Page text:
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Fishing boats, colourful shops ... and racing sheep


Pannier Market
Burton Art Gallery and Museum
The Big Sheep
New Year's Eve
Back in the 16th century this was the third-largest port in Britain. Sir Walter Raleigh used to land here with cargoes of tobacco, after long voyages from the Americas. Despite the town's importance, it isn't actually on the coast - you have to follow the River Torridge a few miles inland to get to its quay.
The river chops the town in two. Until recently there was only one crossing: the Old Bideford Bridge, which was erected in 1535. Curiously, each of its 24 arches are a different size. The story is that each was funded by a different businessman, some of whom were wealthier than others.
Bideford's most famous resident was Charles Kingsley, a novelist from the 1800s. He wrote a book called "Westward Ho!", which is now also the name of a town three miles to the west. This is possibly the only known instance of a settlement being named after a book, rather than the other way round. Kingsley also came up with a nickname for Bideford: "the little white town". It might have been appropriate back then, but it isn't any more. Pastel-tinted shops crowd along narrow streets, selling fudge and local craft. The Pannier Market, a beautiful 19th century building with rows of skylights, opens Tuesdays and Saturdays.
A stone's throw from here is Bideford's heart and soul: the quay. It's still in regular use by cargo ships, fishing boats and pleasure craft. Ferries offer trips to Lundy Island, 14 miles away in the Bristol Channel.

Bideford Long Bridge taking traffic over the River Torridge and said to have been first built in the 14th century by Sir Theobald Grenville.
Photo Dave Hamster
Next door to the quay is Bideford's most well-used green space, Victoria Park. It was opened in 1912 to celebrate the reign of its namesake. In the century since then it has evolved into an activity centre for the entire community. Besides the colourful flowers there's a skate park, a children's play area and an outdoor paddling pool.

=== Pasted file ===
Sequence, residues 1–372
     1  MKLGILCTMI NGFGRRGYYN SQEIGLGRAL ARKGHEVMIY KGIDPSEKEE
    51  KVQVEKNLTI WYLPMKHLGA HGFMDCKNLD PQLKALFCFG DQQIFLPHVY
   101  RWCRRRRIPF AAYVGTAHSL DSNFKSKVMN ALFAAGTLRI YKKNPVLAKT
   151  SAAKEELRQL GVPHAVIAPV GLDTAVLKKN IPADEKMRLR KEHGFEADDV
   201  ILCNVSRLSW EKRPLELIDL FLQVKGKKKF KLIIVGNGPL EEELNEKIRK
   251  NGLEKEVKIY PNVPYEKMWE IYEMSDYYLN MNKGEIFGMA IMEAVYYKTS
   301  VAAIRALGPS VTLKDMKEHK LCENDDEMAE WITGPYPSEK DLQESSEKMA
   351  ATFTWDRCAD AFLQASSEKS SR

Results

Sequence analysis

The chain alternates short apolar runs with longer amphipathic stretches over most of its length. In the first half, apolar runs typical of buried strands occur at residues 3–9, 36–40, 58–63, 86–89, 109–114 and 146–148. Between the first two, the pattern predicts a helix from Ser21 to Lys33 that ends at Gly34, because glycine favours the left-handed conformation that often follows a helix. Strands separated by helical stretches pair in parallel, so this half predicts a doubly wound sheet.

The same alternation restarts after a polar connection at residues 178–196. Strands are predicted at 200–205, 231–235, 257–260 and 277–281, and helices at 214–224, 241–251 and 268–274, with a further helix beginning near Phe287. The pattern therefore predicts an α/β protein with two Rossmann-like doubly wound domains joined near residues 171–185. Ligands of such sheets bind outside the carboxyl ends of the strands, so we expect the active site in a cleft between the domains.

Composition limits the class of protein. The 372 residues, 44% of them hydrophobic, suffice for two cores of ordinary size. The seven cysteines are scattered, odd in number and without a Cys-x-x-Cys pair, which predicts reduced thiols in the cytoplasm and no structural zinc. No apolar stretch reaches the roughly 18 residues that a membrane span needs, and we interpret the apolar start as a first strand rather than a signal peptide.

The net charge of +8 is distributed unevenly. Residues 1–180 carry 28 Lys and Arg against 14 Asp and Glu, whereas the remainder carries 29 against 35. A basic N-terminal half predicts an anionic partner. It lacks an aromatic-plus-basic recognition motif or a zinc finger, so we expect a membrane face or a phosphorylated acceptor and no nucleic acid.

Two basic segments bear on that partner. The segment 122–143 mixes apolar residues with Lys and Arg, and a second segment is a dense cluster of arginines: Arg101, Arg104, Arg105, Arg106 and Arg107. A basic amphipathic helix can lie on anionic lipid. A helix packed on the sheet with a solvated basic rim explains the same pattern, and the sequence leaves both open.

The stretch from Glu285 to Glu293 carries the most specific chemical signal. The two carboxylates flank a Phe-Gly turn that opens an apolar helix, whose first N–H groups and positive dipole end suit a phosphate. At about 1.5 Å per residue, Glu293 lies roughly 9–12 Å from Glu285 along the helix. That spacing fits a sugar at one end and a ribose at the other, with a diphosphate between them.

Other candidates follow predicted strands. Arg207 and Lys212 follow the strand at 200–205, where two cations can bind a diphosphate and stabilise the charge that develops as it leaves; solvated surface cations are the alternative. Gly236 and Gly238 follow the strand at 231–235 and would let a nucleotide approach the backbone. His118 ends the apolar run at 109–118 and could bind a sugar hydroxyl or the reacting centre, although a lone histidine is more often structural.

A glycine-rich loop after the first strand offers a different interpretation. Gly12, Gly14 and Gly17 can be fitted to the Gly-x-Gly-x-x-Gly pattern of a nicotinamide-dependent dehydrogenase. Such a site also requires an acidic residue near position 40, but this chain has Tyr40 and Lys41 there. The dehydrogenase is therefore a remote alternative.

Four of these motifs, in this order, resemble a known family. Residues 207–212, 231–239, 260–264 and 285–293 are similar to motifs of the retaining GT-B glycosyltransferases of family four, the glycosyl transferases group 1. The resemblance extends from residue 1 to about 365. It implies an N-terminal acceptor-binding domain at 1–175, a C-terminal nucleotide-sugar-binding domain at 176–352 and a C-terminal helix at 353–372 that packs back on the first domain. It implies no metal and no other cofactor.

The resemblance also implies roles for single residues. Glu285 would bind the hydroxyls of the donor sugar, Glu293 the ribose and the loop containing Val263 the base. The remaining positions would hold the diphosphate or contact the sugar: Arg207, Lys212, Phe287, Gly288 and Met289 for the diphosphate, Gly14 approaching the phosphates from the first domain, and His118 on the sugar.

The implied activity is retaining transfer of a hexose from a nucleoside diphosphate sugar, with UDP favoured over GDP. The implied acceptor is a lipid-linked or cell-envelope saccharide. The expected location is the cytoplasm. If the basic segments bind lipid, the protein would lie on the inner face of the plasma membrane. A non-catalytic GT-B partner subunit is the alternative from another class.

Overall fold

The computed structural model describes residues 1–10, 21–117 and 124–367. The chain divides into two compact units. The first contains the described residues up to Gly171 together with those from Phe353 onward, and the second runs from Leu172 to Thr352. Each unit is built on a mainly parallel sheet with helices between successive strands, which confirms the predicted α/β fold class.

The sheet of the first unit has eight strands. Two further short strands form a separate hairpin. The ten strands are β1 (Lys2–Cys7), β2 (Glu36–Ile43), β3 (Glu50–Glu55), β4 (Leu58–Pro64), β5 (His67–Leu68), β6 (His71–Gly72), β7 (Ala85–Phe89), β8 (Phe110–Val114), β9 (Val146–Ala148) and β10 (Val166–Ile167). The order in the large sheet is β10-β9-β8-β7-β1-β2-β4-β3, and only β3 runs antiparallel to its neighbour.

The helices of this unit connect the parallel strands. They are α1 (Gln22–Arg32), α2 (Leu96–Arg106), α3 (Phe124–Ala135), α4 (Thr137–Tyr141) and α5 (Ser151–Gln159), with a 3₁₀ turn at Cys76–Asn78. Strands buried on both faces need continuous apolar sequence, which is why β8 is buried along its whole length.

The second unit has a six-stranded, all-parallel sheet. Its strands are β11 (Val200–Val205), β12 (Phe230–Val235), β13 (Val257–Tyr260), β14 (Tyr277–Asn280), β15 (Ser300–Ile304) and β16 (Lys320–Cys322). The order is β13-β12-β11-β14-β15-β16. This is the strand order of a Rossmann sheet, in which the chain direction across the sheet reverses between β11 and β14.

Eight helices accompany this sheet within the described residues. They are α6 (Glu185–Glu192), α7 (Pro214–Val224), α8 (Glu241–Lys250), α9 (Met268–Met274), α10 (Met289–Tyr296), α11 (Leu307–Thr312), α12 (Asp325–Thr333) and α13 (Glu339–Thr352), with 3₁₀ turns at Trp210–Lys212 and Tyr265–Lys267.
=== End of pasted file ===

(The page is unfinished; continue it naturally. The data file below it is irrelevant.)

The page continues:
In the park's southern corner is the Burton Art Gallery and Museum, a sizeable exhibition space with 3 galleries, a craft display and a shop. The permanent collection includes 19th and 20th century paintings, ceramics and a scale model of Bideford Bridge.
This is clearly a maritime town, but there's agricultural land nearby too. That fact is celebrated at The Big Sheep, an attraction somewhere between a farmyard and a theme park. They have animal-shaped children's rides, live sheep dog trials and tractor safari rides. You can watch lambs being fed and sheep being sheared. The highlight of the park, though, is surely the infamous sheep races, where six clumsy, woollen contestants do their best to get over the finish line first.
Clearly, no-one can accuse Bideford of not having fun. There are events all year, including a folk festival, a regatta and a carnival. The climax of the local calendar, though, is right at its end, on New Year's Eve. The roads are closed and people take to the streets, in all manner of dress.
Visitor Information
Bideford Tourist Information Centre, Victoria Park, The Quay, Bideford, Devon, EX39 2QQ. Tel: 01237 477 676

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